- 2 zip-off hiking pants. Hiking pants are not only quicker at drying, having the zip-offs allows you the flexibility to wear shorts if it warms up or long pants when the temperature drops.
- A lightweight windproof jacket
- 1 thermal top, and pants (optional)
- Rain jacket, rain pants (optional but highly recommended)
- 2 hats. One to keep the sun off and the other, a beanie, to keep your head warm when the temperature drops.
- A buff. Tip: a buff also helps protect you from the wind and cold.
- Gloves for when the temperature drops, I recommend this as I found mine to be invaluable!
- Sarong or Shemagh. This I recommend for so many uses, for example – a scarf, a wrap for after the shower, a towel, a blanket to sit on, make into a bag for the evenings, make many different outfits like a jacket, top and skirt, just to name a few.
- Something to sleep in.
If you are camping
- Tent (4 seasoned preferred)
- Cooker, fuel for cooker (do be aware fuel and matches are not allowed on planes but can be purchased when you arrive).
- Food utensils
- Head torch
An example of route and towns that you can stay in
Day 1 – Les Houches to La Flegere. Distance – 18km.
Day 2 –La Flegere to Trient. Distance – 19km.
You will find some variants on this day, as well as a chance to ride a cable car and a chairlift. At 14km there is a refuge on the Col de Balme (border of France/Italy). Note that this is an unmanned refuge and there is no food available here.
The sign pointing towards Trient.
Day 3 – Trient to Champex. Distance – 17km.
You will find some variants on this day. One is to take the high and more challenging route over the pass of Fenetre d’Arpette (2665m). Only take it if the weather is good, as in recent years there has been a rock slide. The other choice is to take the Bovine Trail, can be challenging with long ascents and descents but there is a place to stop, relax and have lunch half way. Both are very similar in distance.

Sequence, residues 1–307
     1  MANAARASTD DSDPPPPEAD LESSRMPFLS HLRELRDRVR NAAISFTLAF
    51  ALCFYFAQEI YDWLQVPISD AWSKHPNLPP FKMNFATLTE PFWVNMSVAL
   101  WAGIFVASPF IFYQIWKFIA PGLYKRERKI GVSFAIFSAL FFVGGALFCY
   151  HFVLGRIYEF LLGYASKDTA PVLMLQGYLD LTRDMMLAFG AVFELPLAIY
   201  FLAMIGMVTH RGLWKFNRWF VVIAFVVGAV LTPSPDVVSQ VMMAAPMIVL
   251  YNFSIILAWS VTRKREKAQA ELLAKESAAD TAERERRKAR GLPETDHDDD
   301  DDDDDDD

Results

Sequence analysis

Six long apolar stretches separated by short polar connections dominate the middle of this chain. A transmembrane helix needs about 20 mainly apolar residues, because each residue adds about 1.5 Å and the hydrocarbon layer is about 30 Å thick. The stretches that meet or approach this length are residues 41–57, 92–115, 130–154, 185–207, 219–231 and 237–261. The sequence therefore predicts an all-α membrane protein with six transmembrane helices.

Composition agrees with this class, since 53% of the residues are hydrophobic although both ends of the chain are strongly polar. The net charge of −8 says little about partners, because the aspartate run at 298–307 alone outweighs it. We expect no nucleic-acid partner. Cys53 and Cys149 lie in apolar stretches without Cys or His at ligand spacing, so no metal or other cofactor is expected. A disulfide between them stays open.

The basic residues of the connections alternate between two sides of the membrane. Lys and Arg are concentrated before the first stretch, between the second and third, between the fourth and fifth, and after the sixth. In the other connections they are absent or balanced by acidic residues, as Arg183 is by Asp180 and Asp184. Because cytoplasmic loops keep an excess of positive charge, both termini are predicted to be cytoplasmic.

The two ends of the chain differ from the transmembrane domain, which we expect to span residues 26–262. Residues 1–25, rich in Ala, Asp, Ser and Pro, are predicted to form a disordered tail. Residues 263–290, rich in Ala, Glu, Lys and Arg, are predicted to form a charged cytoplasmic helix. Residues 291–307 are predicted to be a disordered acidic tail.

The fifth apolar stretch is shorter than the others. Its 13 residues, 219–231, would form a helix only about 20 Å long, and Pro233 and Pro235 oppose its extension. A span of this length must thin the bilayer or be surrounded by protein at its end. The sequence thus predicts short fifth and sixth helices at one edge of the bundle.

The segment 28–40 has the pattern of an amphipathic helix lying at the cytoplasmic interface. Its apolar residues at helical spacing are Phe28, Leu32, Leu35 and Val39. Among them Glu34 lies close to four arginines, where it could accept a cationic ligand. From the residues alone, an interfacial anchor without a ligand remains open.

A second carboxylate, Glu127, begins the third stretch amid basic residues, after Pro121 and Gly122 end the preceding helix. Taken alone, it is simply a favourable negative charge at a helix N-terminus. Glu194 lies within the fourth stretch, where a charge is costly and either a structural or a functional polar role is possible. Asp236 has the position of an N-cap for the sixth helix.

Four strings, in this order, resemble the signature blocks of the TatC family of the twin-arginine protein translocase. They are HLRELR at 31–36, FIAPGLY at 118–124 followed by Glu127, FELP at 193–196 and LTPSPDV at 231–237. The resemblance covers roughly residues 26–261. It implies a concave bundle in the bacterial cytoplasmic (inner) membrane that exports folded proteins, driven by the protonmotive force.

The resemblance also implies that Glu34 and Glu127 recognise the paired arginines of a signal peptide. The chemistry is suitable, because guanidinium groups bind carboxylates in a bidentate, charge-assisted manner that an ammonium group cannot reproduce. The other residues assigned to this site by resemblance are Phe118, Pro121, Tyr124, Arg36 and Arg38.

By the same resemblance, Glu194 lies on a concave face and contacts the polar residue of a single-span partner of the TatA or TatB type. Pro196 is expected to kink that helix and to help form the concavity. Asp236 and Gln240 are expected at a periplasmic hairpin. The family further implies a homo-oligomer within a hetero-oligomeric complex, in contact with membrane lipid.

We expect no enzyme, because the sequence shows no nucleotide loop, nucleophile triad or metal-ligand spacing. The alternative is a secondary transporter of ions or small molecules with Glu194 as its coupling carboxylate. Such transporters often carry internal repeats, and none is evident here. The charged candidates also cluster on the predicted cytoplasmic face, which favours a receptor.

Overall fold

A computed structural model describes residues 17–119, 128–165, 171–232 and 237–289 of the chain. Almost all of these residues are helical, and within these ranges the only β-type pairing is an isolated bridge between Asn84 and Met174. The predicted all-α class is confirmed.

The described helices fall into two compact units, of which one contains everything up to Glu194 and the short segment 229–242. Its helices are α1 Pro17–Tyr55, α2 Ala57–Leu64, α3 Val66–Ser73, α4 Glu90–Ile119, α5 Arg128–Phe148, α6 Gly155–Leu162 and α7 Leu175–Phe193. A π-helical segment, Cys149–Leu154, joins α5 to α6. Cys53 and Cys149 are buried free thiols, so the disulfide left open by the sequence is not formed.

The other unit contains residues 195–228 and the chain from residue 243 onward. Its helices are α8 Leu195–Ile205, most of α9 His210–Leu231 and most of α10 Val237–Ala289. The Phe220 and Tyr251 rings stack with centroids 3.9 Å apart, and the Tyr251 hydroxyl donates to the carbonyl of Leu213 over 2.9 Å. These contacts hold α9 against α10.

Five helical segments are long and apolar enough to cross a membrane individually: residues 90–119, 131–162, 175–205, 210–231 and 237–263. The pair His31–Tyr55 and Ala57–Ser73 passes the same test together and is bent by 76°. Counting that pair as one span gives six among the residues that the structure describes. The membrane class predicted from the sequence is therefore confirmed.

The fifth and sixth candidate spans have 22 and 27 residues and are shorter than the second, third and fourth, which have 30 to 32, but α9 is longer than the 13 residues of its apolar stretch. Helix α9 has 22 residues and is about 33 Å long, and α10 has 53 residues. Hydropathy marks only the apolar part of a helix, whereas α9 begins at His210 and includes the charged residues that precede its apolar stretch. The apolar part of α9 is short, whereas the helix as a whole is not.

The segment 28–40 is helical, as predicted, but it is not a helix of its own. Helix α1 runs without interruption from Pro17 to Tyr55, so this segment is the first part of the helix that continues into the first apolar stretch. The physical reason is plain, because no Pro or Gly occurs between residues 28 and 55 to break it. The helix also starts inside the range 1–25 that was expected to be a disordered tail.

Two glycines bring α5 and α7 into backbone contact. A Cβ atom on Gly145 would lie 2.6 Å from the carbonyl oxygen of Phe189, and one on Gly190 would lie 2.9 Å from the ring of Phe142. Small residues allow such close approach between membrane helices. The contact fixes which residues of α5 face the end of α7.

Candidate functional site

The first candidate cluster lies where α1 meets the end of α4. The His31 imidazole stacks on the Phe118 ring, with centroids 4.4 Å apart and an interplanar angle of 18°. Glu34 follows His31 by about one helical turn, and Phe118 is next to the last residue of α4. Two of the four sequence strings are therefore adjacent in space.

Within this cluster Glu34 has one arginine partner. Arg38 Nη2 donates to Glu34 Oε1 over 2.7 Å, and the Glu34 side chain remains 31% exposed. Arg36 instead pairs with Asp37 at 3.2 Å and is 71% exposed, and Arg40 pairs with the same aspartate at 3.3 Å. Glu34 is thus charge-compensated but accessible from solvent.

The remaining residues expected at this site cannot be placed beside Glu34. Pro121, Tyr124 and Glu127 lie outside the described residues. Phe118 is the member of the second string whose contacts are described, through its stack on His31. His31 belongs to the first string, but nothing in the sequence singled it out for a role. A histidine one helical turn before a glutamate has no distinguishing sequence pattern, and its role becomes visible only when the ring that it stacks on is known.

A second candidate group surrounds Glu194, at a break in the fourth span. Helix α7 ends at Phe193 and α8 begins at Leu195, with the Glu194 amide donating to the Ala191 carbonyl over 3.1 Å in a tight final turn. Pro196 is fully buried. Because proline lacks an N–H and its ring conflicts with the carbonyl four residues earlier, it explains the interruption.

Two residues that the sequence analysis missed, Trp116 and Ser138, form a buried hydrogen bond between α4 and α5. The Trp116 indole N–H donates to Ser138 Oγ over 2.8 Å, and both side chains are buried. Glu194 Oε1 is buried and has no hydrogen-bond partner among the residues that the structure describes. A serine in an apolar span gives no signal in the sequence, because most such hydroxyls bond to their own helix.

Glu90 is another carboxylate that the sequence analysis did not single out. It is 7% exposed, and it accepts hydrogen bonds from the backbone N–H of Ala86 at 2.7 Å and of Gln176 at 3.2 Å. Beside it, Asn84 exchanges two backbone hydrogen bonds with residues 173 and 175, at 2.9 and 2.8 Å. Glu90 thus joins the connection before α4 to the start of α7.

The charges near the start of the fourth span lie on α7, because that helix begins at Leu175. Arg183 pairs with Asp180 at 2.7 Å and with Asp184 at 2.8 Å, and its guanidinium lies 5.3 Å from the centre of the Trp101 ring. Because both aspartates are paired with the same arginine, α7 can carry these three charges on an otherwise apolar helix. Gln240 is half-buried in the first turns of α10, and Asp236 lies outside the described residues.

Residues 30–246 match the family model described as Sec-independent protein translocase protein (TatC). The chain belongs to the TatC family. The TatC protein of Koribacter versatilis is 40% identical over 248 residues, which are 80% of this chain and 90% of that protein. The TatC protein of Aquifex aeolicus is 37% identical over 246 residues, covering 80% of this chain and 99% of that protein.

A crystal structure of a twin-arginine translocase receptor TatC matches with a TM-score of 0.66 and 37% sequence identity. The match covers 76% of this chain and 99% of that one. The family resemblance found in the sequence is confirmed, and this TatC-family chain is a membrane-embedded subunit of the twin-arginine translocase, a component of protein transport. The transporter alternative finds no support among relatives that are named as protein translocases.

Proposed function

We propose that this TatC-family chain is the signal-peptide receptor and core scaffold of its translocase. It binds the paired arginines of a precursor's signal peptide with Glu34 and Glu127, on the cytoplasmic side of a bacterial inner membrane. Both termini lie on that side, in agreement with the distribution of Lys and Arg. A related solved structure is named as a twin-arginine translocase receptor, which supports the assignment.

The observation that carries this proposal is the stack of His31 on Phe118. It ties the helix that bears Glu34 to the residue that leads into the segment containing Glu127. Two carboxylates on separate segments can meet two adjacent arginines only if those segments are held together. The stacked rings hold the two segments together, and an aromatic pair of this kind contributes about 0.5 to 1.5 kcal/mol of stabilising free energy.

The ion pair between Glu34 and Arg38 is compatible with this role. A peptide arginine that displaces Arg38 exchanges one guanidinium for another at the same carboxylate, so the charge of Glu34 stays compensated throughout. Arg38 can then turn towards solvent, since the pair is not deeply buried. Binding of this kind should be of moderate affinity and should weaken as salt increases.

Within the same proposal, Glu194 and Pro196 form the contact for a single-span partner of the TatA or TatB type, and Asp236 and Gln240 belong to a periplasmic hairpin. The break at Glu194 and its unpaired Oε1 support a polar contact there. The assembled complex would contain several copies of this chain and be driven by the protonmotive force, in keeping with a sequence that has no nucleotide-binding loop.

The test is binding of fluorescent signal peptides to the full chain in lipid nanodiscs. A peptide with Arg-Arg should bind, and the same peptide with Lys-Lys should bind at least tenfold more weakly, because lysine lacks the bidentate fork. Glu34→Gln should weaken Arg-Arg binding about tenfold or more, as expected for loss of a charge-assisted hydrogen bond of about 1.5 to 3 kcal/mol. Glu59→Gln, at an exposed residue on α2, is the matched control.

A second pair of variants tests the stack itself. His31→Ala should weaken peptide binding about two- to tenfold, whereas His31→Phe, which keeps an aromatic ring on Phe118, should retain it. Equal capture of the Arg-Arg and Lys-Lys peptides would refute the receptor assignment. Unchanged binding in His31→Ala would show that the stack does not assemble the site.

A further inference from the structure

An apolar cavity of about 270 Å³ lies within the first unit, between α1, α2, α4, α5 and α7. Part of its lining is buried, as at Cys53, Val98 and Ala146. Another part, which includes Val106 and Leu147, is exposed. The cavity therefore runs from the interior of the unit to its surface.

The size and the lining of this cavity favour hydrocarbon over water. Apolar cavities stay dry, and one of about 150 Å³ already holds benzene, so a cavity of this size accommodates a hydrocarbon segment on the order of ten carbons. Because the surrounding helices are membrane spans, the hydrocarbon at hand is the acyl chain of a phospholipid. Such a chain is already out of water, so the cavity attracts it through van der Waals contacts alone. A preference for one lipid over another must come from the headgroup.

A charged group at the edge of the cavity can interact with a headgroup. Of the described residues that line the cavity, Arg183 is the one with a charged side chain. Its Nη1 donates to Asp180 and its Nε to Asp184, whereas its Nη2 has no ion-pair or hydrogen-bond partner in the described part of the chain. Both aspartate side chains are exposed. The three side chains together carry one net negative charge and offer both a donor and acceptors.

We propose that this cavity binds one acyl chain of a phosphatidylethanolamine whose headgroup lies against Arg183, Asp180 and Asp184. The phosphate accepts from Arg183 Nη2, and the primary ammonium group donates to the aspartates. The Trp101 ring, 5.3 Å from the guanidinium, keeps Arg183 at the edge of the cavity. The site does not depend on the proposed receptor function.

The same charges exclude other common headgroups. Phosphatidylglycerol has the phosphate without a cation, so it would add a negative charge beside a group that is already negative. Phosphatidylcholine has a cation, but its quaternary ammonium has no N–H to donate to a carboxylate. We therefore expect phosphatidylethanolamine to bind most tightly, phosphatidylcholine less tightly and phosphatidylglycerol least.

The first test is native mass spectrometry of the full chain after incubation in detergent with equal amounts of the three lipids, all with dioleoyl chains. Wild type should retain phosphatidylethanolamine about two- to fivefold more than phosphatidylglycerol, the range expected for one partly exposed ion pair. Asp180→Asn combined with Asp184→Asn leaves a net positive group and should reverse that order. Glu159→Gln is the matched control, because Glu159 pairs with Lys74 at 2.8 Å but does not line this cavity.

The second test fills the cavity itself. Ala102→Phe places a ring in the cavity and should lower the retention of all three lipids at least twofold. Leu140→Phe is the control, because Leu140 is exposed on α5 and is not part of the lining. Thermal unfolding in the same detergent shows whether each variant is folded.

Stopping for a rest and some lunch along the Bovine Trail.
Day 4 – Champex to Ferret. Distance – 18km.
There is a choice to stop at 16km and stay in La Fouly.
The view of the Val Ferret Valley in Switzerland.
Day 5 – Ferret to Rifugio Bonatti. Distance – 17km.
Another border crossing and high pass at 2537m. There are a few other options to stay at like we did at Rifugio Elena (approximately 10km) or Chalet Val Ferret (approximately 13km).
We stayed at the Rifugio Elena in the Aosta Valley in Italy.
Day 6 – Rifugio Bonatti to Courmayeur. Distance – 12km.
I highly recommend a day here as it is a beautiful town worth exploring.
Day 7 – Courmayeur to Rifugio Elisabetta. Distance – 18km.
This is dorm style accommodation. The next available accommodation is in Les Chapieux, (not a town) and is approximately another 16km. You do have a choice, however, to catch a bus from Courmayeur to Cantine de la Visaille, where camping is available. This is around 14km which makes it an easier day to continue to Les Chapieux.
Trekking uphill from Les Chapieux.
Day 8 – Rifugio Elisabetta to Refuge de la Croix du Bonhomme Distance – 20km.
This is dorm style accommodation, as well. There is a route variant here, there is also a high pass of Col de la Croix du Bonhomme (2483m), or you can choose the shorter (4km), but higher route over the Col des Fours (2665m). Only take this route if the weather is good. This is also another border crossing from Italy to France.
You can stay overnight at the Rifugio Elisabetta.
Day 9 – Refuge de la Croix du Bonhomme to Les Contamines. Distance – 13km.
This is virtually downhill but be aware it can be very steep in some sections.
Day 10 – Les Contamines to Les Houches. Distance – 16km.
Again, there is another route variant and cable cars. Check the weather for the choice of which route to take, as the high route will take you close to the glacier de Bionnassay, as well as crossing a swing bridge. Not recommended if the weather is bad.
The final takeaway
To experience the mountains and achieve a walk like this has been a real highlight for me. After completing the journey, I now know my love affair with the European mountains will only continue to grow.
Is Mont Blanc on your bucket list? Let us know in the comments.